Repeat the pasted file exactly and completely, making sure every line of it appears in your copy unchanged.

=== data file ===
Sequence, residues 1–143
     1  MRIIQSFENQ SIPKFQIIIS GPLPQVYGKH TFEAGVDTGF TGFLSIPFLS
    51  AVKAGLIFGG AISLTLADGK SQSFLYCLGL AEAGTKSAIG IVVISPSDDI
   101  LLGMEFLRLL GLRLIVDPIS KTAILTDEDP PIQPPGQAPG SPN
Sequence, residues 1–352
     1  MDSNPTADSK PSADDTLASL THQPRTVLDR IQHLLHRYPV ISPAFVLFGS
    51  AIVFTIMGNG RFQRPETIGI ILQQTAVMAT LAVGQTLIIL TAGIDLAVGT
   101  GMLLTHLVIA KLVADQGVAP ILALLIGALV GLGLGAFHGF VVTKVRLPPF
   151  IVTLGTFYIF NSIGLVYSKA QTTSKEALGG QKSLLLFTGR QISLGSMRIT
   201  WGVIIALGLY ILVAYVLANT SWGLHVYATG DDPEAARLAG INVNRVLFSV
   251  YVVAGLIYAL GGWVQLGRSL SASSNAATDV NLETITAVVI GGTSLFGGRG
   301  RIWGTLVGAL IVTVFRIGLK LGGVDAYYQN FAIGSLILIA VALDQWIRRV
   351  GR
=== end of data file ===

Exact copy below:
Sequence, residues 1–143
     1  MRIIQSFENQ SIPKFQIIIS GPLPQVYGKH TFEAGVDTGF TGFLSIPFLS
    51  AVKAGLIFGG AISLTLADGK SQSFLYCLGL AEAGTKSAIG IVVISPSDDI
   101  LLGMEFLRLL GLRLIVDPIS KTAILTDEDP PIQPPGQAPG SPN
Sequence, residues 1–352
     1  MDSNPTADSK PSADDTLASL THQPRTVLDR IQHLLHRYPV ISPAFVLFGS
    51  AIVFTIMGNG RFQRPETIGI ILQQTAVMAT LAVGQTLIIL TAGIDLAVGT
   101  GMLLTHLVIA KLVADQGVAP ILALLIGALV GLGLGAFHGF VVTKVRLPPF
   151  IVTLGTFYIF NSIGLVYSKA QTTSKEALGG QKSLLLFTGR QISLGSMRIT
   201  WGVIIALGLY ILVAYVLANT SWGLHVYATG DDPEAARLAG INVNRVLFSV
   251  YVVAGLIYAL GGWVQLGRSL SASSNAATDV NLETITAVVI GGTSLFGGRG
   301  RIWGTLVGAL IVTVFRIGLK LGGVDAYYQN FAIGSLILIA VALDQWIRRV
   351  GR